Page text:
Workforce issues remain high on the medico-political agenda. In August 2009, it is likely that many of these will come to a head, when the next stages of the European Working Time Directive (EWTD) are introduced. Whilst many European countries
14 Autumn 2008
IIlustration: Tom Bannister
Whilst most NHS Trusts have quickly leapt on this as a way of saving cash, most have not yet started planning the rota changes necessary for working-time compliance that the EWTD also demands. Those that have tried (some have even introduced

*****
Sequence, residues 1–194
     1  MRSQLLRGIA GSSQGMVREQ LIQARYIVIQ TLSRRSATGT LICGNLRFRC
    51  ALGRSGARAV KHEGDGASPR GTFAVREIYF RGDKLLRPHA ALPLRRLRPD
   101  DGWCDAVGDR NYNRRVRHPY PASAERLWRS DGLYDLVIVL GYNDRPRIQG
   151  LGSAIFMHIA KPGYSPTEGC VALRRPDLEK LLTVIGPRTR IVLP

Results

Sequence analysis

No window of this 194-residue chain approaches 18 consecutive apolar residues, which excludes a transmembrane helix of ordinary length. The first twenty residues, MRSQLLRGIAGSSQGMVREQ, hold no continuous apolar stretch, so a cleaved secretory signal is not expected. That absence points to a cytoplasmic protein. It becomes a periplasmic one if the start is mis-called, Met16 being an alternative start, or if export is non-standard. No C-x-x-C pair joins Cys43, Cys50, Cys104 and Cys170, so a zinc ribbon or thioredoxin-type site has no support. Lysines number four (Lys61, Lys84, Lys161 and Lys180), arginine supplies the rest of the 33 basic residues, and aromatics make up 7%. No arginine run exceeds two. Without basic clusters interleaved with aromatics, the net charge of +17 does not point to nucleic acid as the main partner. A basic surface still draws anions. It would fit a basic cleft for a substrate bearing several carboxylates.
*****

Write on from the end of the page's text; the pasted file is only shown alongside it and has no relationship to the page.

the next stage of the EWTD, and the To many, the simple solution is to imminent bulge of CCT-holders extend specialist training by pushing who don’t have consultant jobs to back the award of the Completion of step into, and the future looks a little Certificate of Training (CCT) at the hazy. Worryingly, I have yet to speak end of the ST/SpR years. For various to a current consultant who does reasons, there seems to be a lack of not think that this ‘sub-consultant’ acceptance amongst professional grade is inevitable. Who can blame bodies that this is required. At the their apathy, given that the current same time, post-CCT, further spe- situation offers the opportunity for cialist training in surgery is being old-style Senior Registrars to be arranged by the Royal College of appointed, hence lightening the Surgeons of England, in the consultants’ load? shape of Post-CCT “The consultant of tomorrow Fellowships. The incongruity The issues here are comwill be a of these two positions plex ones, in need of worries many. poorly-trained open debate. Faced with relative of what unemployment given Are we seeing specialist the lack of consultant training coming in a full we have today.” posts, what trainee circle with the covert re-introduction wouldn’t want to take a post-CCT, of Senior Registrars? Or are we seeing non-consultant job? Nevertheless, to a more worrying spectre: the rise of potentially sell them as training posts a post-CCT sub-consultant grade? is disingenuous, when the purpose of Certainly there seems to be a body of the CCT is to indicate that the holder evidence to suggest the latter is is fully trained to consultant level. desirable for many NHS Trusts. Consultants have priced themselves Future uncertainty out of the market with their new The final stage of the EWTD may contract, and the prospect of be a catalyst in bringing about a employing a consultant-level, fully- raft of changes in our future career qualified ‘worker-bee’ on their own structures. Post-CCT training posts terms and conditions must be very are already being advertised by some appealing to many cash-strapped hospitals, but the issues raised by these go far beyond the creation of a Trusts. new tier of service. If we employ Add to the mix the need for extra larger numbers of junior, consultantpeople to cover rota gaps created by level, CCT-holders then who will